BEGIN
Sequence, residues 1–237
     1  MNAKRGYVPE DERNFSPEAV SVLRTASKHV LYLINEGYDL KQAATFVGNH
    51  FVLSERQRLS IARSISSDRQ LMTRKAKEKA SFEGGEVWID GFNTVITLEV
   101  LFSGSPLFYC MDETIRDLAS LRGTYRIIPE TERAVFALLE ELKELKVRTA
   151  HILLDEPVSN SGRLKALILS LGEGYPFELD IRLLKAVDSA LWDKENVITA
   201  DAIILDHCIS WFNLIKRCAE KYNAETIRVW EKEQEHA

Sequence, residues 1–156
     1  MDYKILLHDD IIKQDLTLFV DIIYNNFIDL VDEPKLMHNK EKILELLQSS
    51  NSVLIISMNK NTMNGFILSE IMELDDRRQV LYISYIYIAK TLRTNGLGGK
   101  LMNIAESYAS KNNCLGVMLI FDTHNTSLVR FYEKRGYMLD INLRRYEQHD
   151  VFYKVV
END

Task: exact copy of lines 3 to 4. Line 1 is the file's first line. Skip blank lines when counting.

    51  FVLSERQRLS IARSISSDRQ LMTRKAKEKA SFEGGEVWID GFNTVITLEV
   101  LFSGSPLFYC MDETIRDLAS LRGTYRIIPE TERAVFALLE ELKELKVRTA